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A Catholic politician is not a Church whipping boy

TAIPEI (SE): The outcome of the presidential elections held in Taiwan on January 16 may signal the coming of a new era for the people of the island conclave.

But in Church circles, a big topic of interest has been the election of the first Catholic, Chen Chien-jen, as a vice president, with many Catholics seeming to believe this makes him a Church whipping boy in the parliament.

On the other extreme, UCAN reported Faustina Huang Nuanting, from the Taiwan Institute of Economic Research, as saying that before Chen was elected, the secretary general of the Chinese Regional Bishops’ Conference, Father Otfried Chen, explained that while Chen may be a Catholic, the Church itself should stay out of party politics.

When asked by the media why Catholic candidates did not campaign on Church property, Father Chen said the Church should not be equated with worldly nations or political parties.

“The Church is proclaiming the kingdom of God and its values are beyond time and space, race, age, gender, country boundaries, such as truth and love, justice and peace, unity and tolerance, repentance and sanctification,” he said.

He pointed out that hosting political activities on Church grounds is out of the question, as it would contradict the Church’s message and mission.

The Sunday Examiner received a photograph of Chen with the archbishop of Taipei, Archbishop John Hung Shan-chuan, at the parish of St. Christopher’s. However, offering hospitality to a public figure at the church is a far different thing from supporting the person’s party-political agenda among the Catholic people.

Nevertheless, some were inclined to read sinister things into the photograph, as St. Christopher’s is the biggest parish in the city. However, it is mostly an English-speaking parish and frequented by non-Taiwanese migrant workers, who do not have a vote in the elections.

Huang quoted Joseph Lee, the president of the National Council of the Lay Apostolate in Taiwan, as saying that he had asked its member organisations in all dioceses to remain neutral during the elections. He said that they should adhere to the gospel teaching, “Give back to Caesar what is Caesar’s and to God what is God’s.”

However, Huang points out that when comparing the remarks of Pope Francis and examples set by some bishops’ conferences in other countries, we can see that the glib biblical phrase, “Give back to Caesar what is Caesar’s and to God what is God’s” does not mean the Catholic Church should keep its mouth shut on politics.

Instead, the Church should ponder more the method of proclamation of the kingdom of God, by emphasising the value of transcendence and assisting Catholics to fulfill the Church’s mission through their political engagement.

But pushing the barrow of one particular religion is not the way to do it, as Huang notes that parties with a religious background received on average less than two per cent of the vote during the January Taiwanese election, which shows that their platforms do not reflect the values of the general public.

She cited the example of the Faith and Hope League, a party seen by many as homophobic. It reportedly sent out a petition to public primary and secondary schools as part of its Plebiscite on Protecting Families Campaign, which was not well received.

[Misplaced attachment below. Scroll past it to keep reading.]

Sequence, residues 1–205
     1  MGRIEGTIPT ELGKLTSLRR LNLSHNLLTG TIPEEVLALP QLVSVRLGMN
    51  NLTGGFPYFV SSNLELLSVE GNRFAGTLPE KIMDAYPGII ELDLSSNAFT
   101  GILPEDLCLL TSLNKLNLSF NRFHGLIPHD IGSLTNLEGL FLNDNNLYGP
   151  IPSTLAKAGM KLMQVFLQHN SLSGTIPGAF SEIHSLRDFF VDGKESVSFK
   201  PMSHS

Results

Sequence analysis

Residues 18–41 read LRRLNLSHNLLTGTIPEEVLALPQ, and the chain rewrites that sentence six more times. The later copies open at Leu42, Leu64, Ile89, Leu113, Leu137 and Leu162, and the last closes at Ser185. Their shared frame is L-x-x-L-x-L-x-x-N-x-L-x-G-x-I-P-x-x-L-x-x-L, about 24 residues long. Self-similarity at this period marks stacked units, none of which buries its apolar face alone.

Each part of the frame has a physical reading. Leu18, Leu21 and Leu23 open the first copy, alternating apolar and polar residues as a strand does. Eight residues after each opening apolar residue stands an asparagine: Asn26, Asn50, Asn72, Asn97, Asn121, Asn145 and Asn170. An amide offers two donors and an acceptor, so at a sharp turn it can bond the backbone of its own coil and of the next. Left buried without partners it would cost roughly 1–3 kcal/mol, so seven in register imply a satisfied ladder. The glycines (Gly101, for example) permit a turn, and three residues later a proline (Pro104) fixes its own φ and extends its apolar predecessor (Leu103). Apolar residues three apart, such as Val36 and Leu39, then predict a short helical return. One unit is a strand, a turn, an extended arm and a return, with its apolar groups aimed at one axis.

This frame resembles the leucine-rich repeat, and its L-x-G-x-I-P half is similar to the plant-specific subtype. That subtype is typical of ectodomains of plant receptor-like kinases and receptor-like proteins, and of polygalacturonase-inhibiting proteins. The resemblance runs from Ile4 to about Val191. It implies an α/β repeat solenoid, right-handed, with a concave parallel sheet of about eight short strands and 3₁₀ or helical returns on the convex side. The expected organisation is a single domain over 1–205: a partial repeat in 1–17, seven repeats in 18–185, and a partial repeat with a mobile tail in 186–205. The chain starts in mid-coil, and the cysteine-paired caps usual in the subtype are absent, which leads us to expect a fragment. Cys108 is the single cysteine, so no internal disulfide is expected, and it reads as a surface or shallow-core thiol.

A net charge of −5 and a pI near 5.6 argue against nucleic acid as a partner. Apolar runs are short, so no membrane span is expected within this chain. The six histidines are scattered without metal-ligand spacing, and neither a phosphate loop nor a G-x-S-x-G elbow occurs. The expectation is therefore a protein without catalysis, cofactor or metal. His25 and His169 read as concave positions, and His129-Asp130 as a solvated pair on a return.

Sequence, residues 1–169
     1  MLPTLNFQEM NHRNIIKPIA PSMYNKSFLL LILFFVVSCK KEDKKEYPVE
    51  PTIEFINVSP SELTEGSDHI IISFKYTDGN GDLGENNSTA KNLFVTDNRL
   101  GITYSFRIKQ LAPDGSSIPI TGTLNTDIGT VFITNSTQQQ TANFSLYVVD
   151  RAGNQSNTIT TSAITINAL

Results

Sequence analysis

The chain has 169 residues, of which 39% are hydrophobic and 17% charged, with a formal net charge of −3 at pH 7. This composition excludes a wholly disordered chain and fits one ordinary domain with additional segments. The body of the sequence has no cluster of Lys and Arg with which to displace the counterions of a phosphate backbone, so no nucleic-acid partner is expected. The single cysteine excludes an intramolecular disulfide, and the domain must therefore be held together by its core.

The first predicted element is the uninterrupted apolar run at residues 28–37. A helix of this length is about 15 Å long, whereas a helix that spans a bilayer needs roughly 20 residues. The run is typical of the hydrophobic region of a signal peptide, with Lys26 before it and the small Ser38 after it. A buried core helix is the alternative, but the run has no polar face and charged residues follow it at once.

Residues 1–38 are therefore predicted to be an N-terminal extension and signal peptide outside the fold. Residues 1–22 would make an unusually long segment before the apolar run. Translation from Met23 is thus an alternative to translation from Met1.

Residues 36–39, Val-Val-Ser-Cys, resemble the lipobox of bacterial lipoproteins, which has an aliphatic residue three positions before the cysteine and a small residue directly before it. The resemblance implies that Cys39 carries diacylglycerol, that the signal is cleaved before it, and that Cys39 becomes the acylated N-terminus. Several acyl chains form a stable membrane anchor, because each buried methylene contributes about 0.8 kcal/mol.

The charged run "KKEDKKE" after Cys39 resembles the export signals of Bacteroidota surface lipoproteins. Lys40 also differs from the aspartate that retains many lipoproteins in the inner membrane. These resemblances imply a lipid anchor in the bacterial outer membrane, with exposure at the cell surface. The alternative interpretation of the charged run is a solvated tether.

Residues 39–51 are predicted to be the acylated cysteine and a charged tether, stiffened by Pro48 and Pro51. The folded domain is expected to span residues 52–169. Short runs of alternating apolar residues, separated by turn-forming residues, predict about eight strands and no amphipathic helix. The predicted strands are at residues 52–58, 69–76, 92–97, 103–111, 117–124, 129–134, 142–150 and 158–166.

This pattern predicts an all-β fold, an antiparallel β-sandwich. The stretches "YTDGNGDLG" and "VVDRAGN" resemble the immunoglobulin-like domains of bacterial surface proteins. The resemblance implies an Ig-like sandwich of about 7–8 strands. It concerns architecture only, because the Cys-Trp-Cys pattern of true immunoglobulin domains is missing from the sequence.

Parents were asked to sign the petition in support of traditional family values. Specifically, it was rejecting same-sex marriage and created concern among many parents, who were unsure whether they would suffer any consequences if they did not sign it, especially as it was included as part of their children’s homework.

“I could not help but question the strategy, given that the Faith and Hope League said it manifested the values of family and marriage. Instead, love should be their core value, but their version of so-called love was agitating and done in a way that exploited the public school system to pressure parents to involuntarily support their campaign,” Huang said.

She also pointed out that the younger generation revealed its political influence via the Internet, the use of which has indeed ushered in a new level of public participation in politics, where many people no longer accept decisions without prior consultation.

The most important task for the new leaders is to collect and digest the various views of the people, using them to formulate and implement policies that will best serve the interests of society.

The former governor of Hong Kong, Chris Patten, told the Sunday Examiner in 2005 that he does not think that there is such a thing as a Catholic bent on politics. He explained that Catholic politicians must of course follow their consciences, but this applies to everyone.

However, he did note that because of Catholic tradition, they are more likely to support policies like progressive taxation and those with a community-based emphasis, but beyond that he believes that the call of all politicians is to support justice, peace and the common good.

Huang was emphatic in saying that no elected leader should be expected to help the Church or push any perceived agendas. 

Instead the Church in Taiwan should learn from the spirit and style of Pope Francis and respect other viewpoints, while avoiding making decisions within small circles.

The same form can be followed when dealing with issues in a local political, economic or social context, as the Church has done in both South Korea and Hong Kong.

Huang concluded, “To assist people to fulfill their social obligations, the Church in Taiwan should empower itself to acknowledge Taiwan’s key social issues in order to carry out the Church’s social teachings.”


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